Proofs & Theories

I have been reading Proofs & Theories. This is not a weighty logical tome, but the (oddly titled?) very slim volume of short essays and occasional pieces by Louise Glück.

How little, I would have thought, there could be in common between the writing experiences of a Nobel-prize-winning poet and of someone putting together a few elementary logic books! Yet her words resonate. At the very outset, she talks of the anxieties and frustrations: “wanting to write, being unable to write; wanting to write differently, being unable to write differently.” It requires poetic licence, perhaps, to write here as she does of “various kinds of torment” (torment?)… but yes, I recognize the constant sense of striving, “not made serene by sensations of achievement”. When you make the writing public, “The work stands as a reprimand or reproach”, difficult to connect to. And then, very soon, “What strikes me is how far away all this work seems” — and I don’t necessarily mean the particular logical content (in my case) but often the tone, the style.

Which is a feeling that struck me again just now, when I had occasion to re-read a chapter of IFL. I didn’t like the authorial voice very much. I suppose I originally wrote most of that chapter some twenty years ago, but I have revised it in the last five years; but I’m sure I could now do better. Or at least write with a lighter touch. I’m increasingly tempted to have one more bash at that book! (Try again. Fail again. Fail better.)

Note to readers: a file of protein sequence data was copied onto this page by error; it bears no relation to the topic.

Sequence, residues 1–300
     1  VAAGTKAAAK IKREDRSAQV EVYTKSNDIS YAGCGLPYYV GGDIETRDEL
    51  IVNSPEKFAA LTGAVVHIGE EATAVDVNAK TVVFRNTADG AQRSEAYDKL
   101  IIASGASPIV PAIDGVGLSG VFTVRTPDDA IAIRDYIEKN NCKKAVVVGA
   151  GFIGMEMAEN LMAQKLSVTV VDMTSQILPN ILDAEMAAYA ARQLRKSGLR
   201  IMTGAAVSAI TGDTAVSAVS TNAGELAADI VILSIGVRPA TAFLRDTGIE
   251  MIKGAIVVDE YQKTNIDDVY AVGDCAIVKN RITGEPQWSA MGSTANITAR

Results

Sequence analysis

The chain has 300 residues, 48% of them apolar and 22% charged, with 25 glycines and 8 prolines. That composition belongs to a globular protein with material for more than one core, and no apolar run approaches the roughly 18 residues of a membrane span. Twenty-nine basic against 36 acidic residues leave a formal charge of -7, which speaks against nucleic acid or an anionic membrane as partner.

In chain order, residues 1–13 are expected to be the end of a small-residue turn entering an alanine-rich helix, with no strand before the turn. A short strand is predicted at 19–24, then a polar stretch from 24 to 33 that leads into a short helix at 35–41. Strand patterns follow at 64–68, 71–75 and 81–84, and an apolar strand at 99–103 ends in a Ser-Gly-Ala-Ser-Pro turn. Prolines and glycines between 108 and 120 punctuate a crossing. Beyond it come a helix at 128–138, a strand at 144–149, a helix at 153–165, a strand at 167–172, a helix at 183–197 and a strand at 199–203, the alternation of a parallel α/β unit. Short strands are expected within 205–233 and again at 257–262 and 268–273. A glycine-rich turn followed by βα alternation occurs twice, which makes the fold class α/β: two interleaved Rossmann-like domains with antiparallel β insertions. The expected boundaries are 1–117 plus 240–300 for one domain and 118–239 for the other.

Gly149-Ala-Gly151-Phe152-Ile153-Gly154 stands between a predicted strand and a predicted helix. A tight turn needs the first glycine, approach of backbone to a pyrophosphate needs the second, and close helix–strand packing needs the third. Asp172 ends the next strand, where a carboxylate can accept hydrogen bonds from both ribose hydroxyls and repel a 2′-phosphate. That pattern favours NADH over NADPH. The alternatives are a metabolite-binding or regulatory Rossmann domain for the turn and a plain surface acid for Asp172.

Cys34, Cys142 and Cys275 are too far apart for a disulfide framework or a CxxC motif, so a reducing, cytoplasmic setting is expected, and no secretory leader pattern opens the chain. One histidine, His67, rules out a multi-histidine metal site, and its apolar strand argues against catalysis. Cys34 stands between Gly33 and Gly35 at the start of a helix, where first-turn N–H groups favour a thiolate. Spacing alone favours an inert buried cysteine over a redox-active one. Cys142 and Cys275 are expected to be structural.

The occasion for dipping into IFL was very belatedly putting online one more set of answers to exercises, and also adding to the  online page of corrections for typos. I’m probably getting to the point where I should update the file for the printed and downloadable book. (That’s in one way not that much of a palaver; the more time-consuming bit will be checking that I don’t inadvertently make unintended changes in the process!)

I have also updated the corrections page for GWT. 


Have I mentioned here Akihiro Kanamori’s relatively recent book Essays on Set Theory which brings together nineteen previously published essays?

Apart from a handful of more technical pieces, these are mostly historical and/or philosophical essays, or papers focussing on the development and work of particular set theorists of note. It is very good to have these widely scattered essays brought together like this. They are typically readable, interesting and enlightening. Lots about proofs & theories …

And three cheers to College Publications for re-publishing them (as a 600 page book!) so very inexpensively.

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